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Essential Nutrients: What Your Body Needs

Author:Britt Maughan R.D.
1959   1757 

Essential Nutrients

The body is an amazing machine that can do so much to keep it functioning, however, there are nutrients that the body cannot make and must be obtained from other sources such as food or supplements. These are known as essential nutrients – and are organized into six different categories: vitamins, minerals, protein, fats, carbohydrates, and water. 

As athletes, we tend to be deficient in vitamins & minerals, essential fatty acids, and essential amino acids. These are the three areas we typically focus on when it comes to supplementation. The other categories – carbohydrates and water are worth mentioning – but are easily obtained and fulfilled through a balanced diet. 

Vitamins are foundational nutrients that play multiple functions in the body from energy metabolism to building bones, brain tissue, and providing overall support to the immune system. Most vitamins are considered essential, but your body can make a few of them such as vitamin D and vitamin K*. However, most people are found to be deficient in both and need to eat foods rich in both vitamins. All other vitamins are essential – and can be grouped into two categories: fat soluble (A, D, E, and K) and water soluble (B vitamins and C). To learn more about vitamins, their function, and what food sources and supplements contain each type, read our Vitamins & Minerals article.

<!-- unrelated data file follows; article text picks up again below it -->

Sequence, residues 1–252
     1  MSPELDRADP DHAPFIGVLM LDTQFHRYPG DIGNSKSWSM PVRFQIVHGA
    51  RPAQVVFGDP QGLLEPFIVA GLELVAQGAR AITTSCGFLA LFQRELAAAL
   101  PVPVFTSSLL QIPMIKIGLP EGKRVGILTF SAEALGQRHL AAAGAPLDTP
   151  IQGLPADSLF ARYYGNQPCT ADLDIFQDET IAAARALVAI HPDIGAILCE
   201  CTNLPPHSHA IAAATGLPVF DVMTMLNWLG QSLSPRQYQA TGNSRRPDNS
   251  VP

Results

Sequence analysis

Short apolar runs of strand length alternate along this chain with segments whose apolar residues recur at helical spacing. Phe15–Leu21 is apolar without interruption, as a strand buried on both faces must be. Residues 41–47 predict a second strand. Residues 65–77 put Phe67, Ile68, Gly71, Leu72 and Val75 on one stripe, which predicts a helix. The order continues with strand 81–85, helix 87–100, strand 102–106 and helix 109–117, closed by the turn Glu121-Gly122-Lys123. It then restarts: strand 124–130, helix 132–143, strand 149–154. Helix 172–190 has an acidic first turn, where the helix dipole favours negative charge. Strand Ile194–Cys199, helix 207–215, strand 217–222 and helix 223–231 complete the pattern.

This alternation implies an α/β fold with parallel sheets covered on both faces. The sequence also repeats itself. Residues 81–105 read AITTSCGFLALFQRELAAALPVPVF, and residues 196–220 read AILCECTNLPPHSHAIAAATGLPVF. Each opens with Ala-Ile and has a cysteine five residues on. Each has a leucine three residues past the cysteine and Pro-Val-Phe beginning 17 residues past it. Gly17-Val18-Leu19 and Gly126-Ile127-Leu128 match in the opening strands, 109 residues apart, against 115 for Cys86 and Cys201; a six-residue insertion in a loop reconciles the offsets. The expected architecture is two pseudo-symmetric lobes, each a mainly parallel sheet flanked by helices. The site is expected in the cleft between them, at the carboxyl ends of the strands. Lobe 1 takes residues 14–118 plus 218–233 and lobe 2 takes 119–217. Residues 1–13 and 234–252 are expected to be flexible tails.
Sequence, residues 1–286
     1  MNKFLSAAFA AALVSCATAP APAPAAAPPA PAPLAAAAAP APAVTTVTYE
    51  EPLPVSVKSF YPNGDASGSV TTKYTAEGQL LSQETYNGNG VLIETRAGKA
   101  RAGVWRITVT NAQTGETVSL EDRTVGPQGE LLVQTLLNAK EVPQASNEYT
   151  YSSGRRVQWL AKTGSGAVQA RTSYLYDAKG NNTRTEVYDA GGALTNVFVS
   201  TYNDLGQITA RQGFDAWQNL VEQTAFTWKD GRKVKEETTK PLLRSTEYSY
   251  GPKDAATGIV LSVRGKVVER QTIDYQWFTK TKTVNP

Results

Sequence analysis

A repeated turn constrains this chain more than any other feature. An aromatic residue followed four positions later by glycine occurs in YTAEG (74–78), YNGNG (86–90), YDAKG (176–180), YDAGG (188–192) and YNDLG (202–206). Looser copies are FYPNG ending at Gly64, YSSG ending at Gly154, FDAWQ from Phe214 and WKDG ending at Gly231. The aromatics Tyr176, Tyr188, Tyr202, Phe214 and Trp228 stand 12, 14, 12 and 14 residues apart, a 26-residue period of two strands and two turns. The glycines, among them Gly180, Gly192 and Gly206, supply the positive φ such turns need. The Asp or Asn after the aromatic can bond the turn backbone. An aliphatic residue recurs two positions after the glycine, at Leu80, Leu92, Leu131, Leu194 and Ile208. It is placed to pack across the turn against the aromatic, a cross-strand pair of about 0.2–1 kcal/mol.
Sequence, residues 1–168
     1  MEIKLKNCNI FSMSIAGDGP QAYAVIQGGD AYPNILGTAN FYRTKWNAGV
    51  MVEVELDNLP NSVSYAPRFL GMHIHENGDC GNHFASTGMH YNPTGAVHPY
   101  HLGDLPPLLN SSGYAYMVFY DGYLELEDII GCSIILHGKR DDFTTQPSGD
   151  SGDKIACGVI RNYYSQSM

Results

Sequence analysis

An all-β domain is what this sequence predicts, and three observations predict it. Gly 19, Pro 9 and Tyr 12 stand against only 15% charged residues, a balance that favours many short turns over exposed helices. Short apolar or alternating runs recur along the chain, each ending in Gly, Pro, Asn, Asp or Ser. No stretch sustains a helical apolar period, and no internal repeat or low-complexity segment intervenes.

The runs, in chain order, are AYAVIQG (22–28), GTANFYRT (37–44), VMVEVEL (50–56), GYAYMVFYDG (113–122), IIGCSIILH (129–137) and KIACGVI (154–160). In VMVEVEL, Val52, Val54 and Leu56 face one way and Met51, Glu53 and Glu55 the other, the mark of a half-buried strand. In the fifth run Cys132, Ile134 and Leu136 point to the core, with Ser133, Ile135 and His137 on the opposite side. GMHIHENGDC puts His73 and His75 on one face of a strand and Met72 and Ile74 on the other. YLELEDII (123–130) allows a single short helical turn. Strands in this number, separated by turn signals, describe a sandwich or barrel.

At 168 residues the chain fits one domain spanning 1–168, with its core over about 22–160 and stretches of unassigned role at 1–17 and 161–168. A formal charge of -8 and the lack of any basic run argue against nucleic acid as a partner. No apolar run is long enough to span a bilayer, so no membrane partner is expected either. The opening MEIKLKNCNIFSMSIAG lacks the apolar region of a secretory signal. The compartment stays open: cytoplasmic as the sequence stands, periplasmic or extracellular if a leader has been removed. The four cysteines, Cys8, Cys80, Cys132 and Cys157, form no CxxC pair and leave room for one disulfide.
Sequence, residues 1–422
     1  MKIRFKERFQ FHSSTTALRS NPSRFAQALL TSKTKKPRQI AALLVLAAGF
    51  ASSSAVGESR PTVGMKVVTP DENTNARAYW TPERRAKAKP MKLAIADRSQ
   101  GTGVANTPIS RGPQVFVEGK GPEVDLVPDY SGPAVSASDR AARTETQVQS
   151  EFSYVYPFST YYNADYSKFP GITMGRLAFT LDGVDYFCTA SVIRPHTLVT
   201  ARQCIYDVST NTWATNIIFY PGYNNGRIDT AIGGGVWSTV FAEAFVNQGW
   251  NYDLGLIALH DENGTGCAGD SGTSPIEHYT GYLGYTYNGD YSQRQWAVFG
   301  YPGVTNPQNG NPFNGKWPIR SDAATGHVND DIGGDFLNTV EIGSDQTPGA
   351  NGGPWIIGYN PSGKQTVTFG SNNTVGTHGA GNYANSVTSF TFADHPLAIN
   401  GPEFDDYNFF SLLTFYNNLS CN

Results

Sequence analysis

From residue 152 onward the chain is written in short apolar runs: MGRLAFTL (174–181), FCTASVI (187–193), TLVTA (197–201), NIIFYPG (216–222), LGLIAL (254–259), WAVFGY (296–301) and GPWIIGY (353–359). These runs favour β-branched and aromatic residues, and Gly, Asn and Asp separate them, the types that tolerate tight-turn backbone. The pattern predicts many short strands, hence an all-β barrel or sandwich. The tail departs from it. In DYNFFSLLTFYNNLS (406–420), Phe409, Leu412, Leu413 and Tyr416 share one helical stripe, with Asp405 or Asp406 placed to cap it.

Minerals are inorganic compounds that are not made by living things, but are absorbed by plants and eaten by animals.  Humans obtain minerals from the plants and animals they eat. Electrolytes and trace elements are the two main groups of minerals. Electrolytes are needed in larger quantities and include sodium, potassium, chloride, calcium, magnesium, and phosphorus.  Trace elements include chromium, cobalt, copper, iodine, iron, manganese, molybdenum, selenium, and zinc. Read more about the functions, benefits, and sources of minerals in our Vitamins & Minerals article. 

Your body needs protein to build and repair tissues. Protein is made from amino acids with 21 used by the human body in total, but your body cannot make them all – with 9 considered essential. Dietary protein is the main source of amino acids – both animal and plant sources. Complete proteins contain all necessary amino acids and include foods such as fish, lean meat, poultry, eggs, and cheese. Incomplete proteins include grains, legumes, nuts and seeds – all should be eaten to ensure you get a full range of amino acids. For vegetarians or vegans, complete proteins can be found in quinoa, buckwheat, and soy – or by combining foods together such as a peanut butter and whole grain bread. Click to read more about amino acids and protein powders to get your essential amino acids

Monounsaturated and polyunsaturated fats are required by the body for multiple functions and benefits. The two fatty acids that are considered essential are linoleic and alpha-linolenic. These particular fatty acids are used to build omega-3 and omega-6 fatty acids. There are three types of Omega-3 fats in the diet: EPA and DHA (both found in seafood and fish) and ALA (mostly found in plant foods).  Omega-6 fats are highly available in the western diet, and although they are considered ‘’essential’’ it is rare to be low in these fats. Read more in our Power of Omega Fats article.